One of the most interesting aspects of the election was Proposition 16, which would have reinstated affirmative action in California. It was soundly defeated.
Affirmative action is a politically charged issue that is not going away anytime soon. Technology is amplifying this issue. We need to devise a better solution if we want to put it behind us.
After the Rodney King riots in the early 1990s, I was asked by a partner in a prominent law firm if I wanted to sit on the board of a new non-profit organization that would incubate charitable endeavors in the inner city. The issue at the time was that many inner-city community endeavors did not have the resources to be successfully managed.
My involvement really expanded my horizons because I saw a part of the world to which I was never previously exposed.
Eventually, we helped several hundred projects. Many were successful and became independent organizations, while others failed. Many of the failures were learning experiences for leaders who went on to be successful in other endeavors.
Eventually, the organization imposed term limits on board members, so in 2015, I stepped down from the board. I still continue to be involved with the organization in a limited capacity. Last year, the organization asked me if I would consider returning to its board starting in 2021.
As part of that endeavor, I met with a number of community organizers. I noticed a significant change in attitude.
Previously, the underserved communities were satisfied with incremental progress toward a long-term goal. Currently, those communities have lost their patience and marginal progress is no longer acceptable.
Society has changed and one of the major reasons for accelerated change is the advent of social media. (Social media’s impact will be the subject of a future column.)
To make their point, disadvantaged communities frequently cite a sandlot baseball metaphor: There are two children who want to watch the baseball game, but are unable to do so because a fence obstructs their view. One child is tall enough to look over the fence and tell the shorter child how exciting the game is to watch. If the smaller child was only provided with a stool, he could see the game for himself.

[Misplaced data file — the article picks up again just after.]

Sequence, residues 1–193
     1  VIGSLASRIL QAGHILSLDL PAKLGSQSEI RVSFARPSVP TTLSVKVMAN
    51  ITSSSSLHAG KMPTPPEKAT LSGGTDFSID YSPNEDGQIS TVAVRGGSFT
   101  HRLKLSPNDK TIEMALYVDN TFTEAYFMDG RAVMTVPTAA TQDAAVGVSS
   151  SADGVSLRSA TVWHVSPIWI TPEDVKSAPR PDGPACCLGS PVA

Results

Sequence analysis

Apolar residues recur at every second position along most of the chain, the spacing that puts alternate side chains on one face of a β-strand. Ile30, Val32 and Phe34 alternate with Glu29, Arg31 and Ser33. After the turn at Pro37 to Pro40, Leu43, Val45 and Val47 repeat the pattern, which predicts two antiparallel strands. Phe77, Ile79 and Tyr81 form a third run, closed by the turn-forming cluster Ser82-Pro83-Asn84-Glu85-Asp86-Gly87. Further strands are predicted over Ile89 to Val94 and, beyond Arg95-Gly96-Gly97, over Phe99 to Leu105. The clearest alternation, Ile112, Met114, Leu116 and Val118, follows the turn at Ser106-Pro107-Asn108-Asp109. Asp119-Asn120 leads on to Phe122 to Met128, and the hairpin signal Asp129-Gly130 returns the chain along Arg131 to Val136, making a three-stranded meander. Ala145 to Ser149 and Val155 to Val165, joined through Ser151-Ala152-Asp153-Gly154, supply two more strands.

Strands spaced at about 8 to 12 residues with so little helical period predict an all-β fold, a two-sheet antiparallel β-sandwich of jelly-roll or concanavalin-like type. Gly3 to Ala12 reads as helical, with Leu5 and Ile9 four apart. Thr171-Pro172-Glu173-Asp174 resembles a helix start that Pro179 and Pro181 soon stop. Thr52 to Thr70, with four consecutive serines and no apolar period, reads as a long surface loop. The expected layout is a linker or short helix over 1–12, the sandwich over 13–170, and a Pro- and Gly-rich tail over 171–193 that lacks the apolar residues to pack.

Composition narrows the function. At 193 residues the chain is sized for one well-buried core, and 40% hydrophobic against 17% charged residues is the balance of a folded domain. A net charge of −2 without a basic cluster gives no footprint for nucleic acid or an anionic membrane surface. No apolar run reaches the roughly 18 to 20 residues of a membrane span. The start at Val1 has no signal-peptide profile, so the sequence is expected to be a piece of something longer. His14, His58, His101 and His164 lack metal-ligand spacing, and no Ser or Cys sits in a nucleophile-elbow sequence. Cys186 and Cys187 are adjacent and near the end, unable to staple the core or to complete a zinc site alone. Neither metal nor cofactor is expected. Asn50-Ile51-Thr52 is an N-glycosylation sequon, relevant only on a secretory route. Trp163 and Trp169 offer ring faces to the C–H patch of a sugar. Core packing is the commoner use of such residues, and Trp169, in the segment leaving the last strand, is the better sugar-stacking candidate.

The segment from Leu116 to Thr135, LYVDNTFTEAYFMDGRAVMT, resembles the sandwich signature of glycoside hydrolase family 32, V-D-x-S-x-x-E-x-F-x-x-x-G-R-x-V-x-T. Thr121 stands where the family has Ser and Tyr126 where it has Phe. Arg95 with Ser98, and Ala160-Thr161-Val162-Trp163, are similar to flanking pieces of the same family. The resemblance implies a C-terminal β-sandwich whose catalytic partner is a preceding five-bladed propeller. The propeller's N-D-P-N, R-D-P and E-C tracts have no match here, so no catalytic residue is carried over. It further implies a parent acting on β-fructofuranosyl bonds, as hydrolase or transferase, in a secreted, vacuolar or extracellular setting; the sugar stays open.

I was met with scorn when I noted that stools don’t just appear out of thin air and asked, “Who is going to pay for the stool?”
Those in disadvantaged communities see affirmative action as their stool. Their schools and communities are disadvantaged, so they need a stool to be able to fairly compete with others from more advantaged communities.
After reflecting further on the problem, I realized that the stool analogy does not adequately address the issue because, in that metaphor, providing a stool increased the number of people who could watch the game. In reality, leveling the playing field, in and of itself, fails to expand the number of players.
A zero sum environment is like playing a game of musical chairs where a fixed number of players will remain standing.
We can change the composition of those who are standing, but we still have the same number of people who don’t have a chair when the music stops. There will be winners and losers.
The problem with affirmative action, at least in the short run, is that for every person who gains a position, another person is displaced. Those who are displaced become bitter and feel disenfranchised.
If there are a hundred job applicants for 80 jobs, 20 will not get a job. That was the allure behind repealing affirmative action — insuring that the most qualified get the positions because that will result in the highest productivity levels.
Theoretically, higher productivity will eventually result in greater opportunity for all, and the disadvantaged will ultimately benefit from new opportunities resulting from enhanced economic output.
However, as we move increasingly toward meritocracy, instead of creating greater opportunity for everyone, the benefits of increased productivity have predominantly gone to the most productive. The resulting wealth concentration has exacerbated the problem.
We live in a world where technology is rapidly replacing human labor, placing even greater pressure on the number of available opportunities.
In a musical chairs context, the chairs are being removed at a faster pace.
Consequently, in order to overcome the inequities that affirmative action seeks to eliminate, we have to create more opportunities for all. That means we must invest in the intellectual capital of disadvantaged communities. Doing so will be expensive and implementing such investment is likely to be controversial.
But until we do, we are unlikely to achieve the goals of affirmative action.
We cannot merely argue over how to divide the pie. Instead, we must focus on how to bake a larger pie that can be equitably shared. There will undoubtedly be considerable pressure on President-elect Joe Biden to address this issue.
Jim de Bree is a Valencia resident.